Monday morning, out the door by Nextbike to the school. Nadine, an assistant, welcomed me and set me up in a really nice office. I had the morning free. Lunch with doctoral students in the Mensa (student cafeteria), then time to stand and deliver to the Blue Group, first of two sets of new MBA students. Hugely diverse – a combined 68 students from 30 nations! The format for the week was a trio of three-hour lectures to each of the two groups. Day one got off to a good start. Ate dinner that night in Auerbachs Keller, a venerable place (main dining room opened 1914) that had the appearance of coasting on its laurels. Lots of tourists. They brought me an English menu but when I asked for a large dark beer in credible German, I surprised the dour waiter. Food was good. But when the bill arrived, they said “no credit cards.” I was almost out of cash, so had to walk several blocks to an ATM. Not happy. And to add insult to injury, they had cleared my table and took away a half-full glass of beer. But in the modern era you can get even: I drilled them in a review on the TripAdvisor website.
Days two and three went past in a blur; six hours of teaching per day is a lot of work. The days were nicely punctuated with a swell dinner (back at the Bayerischer Bahnhof) with my host Manfred Kirchgeorg. A swell fellow, he earned his Ph.D. in Münster, another one of my lecturing venues, and had been at HHL since the mid-1990s. The school had an interesting story: founded in 1898, obviously swirled through plenty of change under the Nazis and the Commies, and was re-established in the 1990s after the collapse of the East. Wednesday night I needed spice, and Binh, a student from Vietnam, recommended a great Vietnamese place two blocks from the hotel.
I had the day off on Thursday, woo hoo! There were a bunch of possibilities, made possible by a sort of Eurailpass just for the state of Saxony: unlimited travel the whole day for about 30 bucks. Ate a big breakfast and hopped on the train north to Wittenberg, where Luther lived and worked.
I wanted to see the famous door, and a bit more. Walking into the old town, it was clear that they had prettied things up in anticipation of the 500th anniversary – as well as the overall improvements in infrastructure that the federal government has been making since reunification (it didn’t look this shiny when East German creeps like Walter Ulbricht ran things). Jack and I visited in 1999, and even then it was much less polished. I paused briefly at Lutherhaus, the former monastery where he lived and worked for many years, then on to the famous church and the door. The bell tower was open (just above the inscription Ein Feste Burg ist Unser Gott (“A Mighty Fortress is Our Lord,” a hymn Luther wrote about 1527) that wrapped around the circular tower. So I paid 3€ and climbed several hundred steps for a view of town. Check and done, stopped to buy a little pin that said “Protestant seit (since) 1517,” and hopped back on the train for Leipzig.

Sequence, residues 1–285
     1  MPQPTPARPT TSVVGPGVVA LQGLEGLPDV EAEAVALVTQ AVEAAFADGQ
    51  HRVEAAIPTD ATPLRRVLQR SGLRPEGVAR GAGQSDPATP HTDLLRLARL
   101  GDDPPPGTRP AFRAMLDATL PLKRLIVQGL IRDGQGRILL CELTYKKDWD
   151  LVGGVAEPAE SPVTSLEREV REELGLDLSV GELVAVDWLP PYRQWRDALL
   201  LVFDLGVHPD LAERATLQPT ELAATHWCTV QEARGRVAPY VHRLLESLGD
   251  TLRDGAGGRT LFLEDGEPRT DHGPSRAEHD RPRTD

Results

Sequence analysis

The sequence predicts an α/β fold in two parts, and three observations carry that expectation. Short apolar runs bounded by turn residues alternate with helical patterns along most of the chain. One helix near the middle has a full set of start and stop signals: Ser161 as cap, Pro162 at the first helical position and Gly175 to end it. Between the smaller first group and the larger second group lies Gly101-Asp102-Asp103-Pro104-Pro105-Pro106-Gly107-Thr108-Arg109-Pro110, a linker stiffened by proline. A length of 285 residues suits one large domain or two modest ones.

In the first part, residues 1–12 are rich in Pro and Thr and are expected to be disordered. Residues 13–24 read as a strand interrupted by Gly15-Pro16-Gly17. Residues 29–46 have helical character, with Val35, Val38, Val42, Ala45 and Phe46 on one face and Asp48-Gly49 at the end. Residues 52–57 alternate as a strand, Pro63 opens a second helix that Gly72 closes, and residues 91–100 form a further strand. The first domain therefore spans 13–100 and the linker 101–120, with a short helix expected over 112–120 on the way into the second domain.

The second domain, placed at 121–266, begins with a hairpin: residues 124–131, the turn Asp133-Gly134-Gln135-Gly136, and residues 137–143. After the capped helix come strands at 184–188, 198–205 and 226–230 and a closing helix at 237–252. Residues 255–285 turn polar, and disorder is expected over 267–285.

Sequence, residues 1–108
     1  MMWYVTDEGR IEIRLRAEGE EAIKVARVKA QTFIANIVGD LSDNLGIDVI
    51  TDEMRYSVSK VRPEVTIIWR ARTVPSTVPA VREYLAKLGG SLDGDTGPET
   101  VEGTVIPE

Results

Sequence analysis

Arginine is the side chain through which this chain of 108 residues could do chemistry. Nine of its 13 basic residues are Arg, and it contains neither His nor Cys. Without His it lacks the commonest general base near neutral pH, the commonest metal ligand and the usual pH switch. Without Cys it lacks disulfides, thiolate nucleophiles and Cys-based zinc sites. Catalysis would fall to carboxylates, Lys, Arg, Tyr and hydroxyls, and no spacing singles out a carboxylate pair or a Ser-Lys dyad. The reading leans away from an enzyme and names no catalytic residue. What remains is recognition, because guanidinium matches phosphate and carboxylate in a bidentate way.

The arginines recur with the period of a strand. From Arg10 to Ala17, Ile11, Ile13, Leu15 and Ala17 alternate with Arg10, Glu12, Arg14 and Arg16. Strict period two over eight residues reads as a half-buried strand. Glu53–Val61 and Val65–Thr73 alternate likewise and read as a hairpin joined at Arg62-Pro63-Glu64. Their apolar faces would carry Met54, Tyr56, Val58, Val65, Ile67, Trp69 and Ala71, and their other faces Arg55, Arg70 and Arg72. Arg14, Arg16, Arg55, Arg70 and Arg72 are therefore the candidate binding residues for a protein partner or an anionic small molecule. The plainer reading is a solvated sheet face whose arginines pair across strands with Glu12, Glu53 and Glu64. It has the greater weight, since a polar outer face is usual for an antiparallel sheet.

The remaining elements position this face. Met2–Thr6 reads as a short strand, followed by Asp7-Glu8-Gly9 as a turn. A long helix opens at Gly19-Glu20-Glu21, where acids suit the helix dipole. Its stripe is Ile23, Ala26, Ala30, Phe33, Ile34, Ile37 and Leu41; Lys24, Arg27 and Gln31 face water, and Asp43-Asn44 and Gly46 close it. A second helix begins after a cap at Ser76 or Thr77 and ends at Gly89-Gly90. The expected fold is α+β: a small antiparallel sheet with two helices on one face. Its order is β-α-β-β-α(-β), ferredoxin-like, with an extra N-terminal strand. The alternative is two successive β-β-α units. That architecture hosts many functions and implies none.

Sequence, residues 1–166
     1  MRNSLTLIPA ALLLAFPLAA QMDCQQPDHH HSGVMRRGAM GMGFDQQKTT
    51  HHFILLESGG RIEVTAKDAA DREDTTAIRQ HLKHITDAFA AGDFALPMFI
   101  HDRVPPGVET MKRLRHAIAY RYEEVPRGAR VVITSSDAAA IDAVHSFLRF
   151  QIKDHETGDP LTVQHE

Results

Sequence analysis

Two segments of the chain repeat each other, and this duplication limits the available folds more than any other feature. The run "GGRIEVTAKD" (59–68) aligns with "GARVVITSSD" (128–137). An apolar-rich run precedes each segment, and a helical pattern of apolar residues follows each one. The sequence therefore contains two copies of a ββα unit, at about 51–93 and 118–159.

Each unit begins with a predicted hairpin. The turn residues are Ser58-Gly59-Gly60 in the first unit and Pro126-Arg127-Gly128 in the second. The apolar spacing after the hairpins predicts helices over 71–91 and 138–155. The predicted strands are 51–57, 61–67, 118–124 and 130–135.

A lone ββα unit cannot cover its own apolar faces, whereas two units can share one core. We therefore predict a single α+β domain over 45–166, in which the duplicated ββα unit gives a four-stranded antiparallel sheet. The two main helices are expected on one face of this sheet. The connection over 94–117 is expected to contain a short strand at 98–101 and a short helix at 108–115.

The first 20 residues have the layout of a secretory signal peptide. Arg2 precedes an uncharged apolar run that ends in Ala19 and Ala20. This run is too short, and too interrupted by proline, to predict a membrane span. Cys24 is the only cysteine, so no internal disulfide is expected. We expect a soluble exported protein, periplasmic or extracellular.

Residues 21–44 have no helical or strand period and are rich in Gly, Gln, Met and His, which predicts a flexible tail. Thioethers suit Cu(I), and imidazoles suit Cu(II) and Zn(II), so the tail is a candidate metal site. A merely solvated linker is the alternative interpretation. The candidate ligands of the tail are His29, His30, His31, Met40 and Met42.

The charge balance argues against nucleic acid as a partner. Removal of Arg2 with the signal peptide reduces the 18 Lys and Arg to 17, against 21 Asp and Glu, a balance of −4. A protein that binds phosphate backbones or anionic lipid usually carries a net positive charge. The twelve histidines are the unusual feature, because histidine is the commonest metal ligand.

At that point, I could have headed east for a very fast look around Dresden, or to the World Dog Show 2017, staged at the Leipzig Messe, the big fair facility on the edge of town. I thought that Henry and MacKenzie would lean toward the latter, so hopped off the train at the Messe station, onto a tram, and in no time was in the vast facility. It was day one of the show, and it was teeming, mostly with German breeds, including many that are (to me at least) unknown in the U.S. It was a fun afternoon, but you had to pay attention to the floor: it was clear that the competing dogs get something like stage fright jitters, frequently peeeing and squatting, and owners not always cleaning up. Ewww.
Back to the hotel, the gym, then a return to Ohne Bedenken for beer and a dinner of roast duck. The place was hopping, much busier than four nights earlier, including a lot of Bohemian folk, heavily tattoed, and many sporting stretched circular earlobes (according to Wikipedia: “Tribes in various countries in Africa, Eurasia, America and other lands have practiced the ritual of ear stretching for cultural, religious and traditional purposes.”). Waiting for the tram back home, I had a nice T-t-S with the owner of an English Setter; like me, both woman and dog had been at the show that afternoon.
Friday morning, out the door on the bike for the last three hours of teaching. At lunch, and for four more hours, I met one-on-one with students who wanted to talk about career, nine youngsters all told, from China, Taiwan, Sudan, India, Kenya, Chile. Some had clear ideas of a future job, other had no idea. So I offered some tips and ideas, and lots of encouragement. That was all good, but I was happy to say Auf Wiedersehen at five, hop on the tram home to the hotel, and finish a week of hard work.
After a ride in the gym, a shower, and a sandwich in the hotel room, I walked through heavy rain to the Gewandhaus, Leipzig’s famous concert hall. Months earlier, I checked the website, and while the orchestra was touring Japan, visiting ensembles performed. That night was what in America we call a “pops concert,” the visiting Brandenburg State Orchestra of Frankfurt (the smaller Frankfurt, southeast of Berlin) performing scores from famous films. It was really fun, from Alfred Newman’s opening fanfare for 20th Century Fox (you know the one!) to John Williams’ theme from “Star Wars.” I had a seat in the front row, just fabulous.
Below the huge pipe organ was Latin I did not recognize, res severa verum gaudium: true joy is a serious thing. Indeed. Before the concert began, Manfred found me, and introduced me to his wife and a number of marketing colleagues from across Germany, who were in town for a meeting. We met at intermission for a glass of sparkling wine. The penultimate work was Williams’ main theme from “Schindler’s List,” another fine datapoint for Germany’s will not to deny the past. I kept trying to think of an analogy from back home; would it be the Kansas City Symphony playing a Lakota song of death? Would they include that in a pops program? Nope. At the end of the piece, I looked at the woman sitting two chairs to my right. She had gray hair, and it looked as if she had been born about the time that World War II ended. She was wiping away tears.
Manfred invited me for a post-concert drink at a fancy hotel, but I was plumb wore out, and a soft bed was so welcome.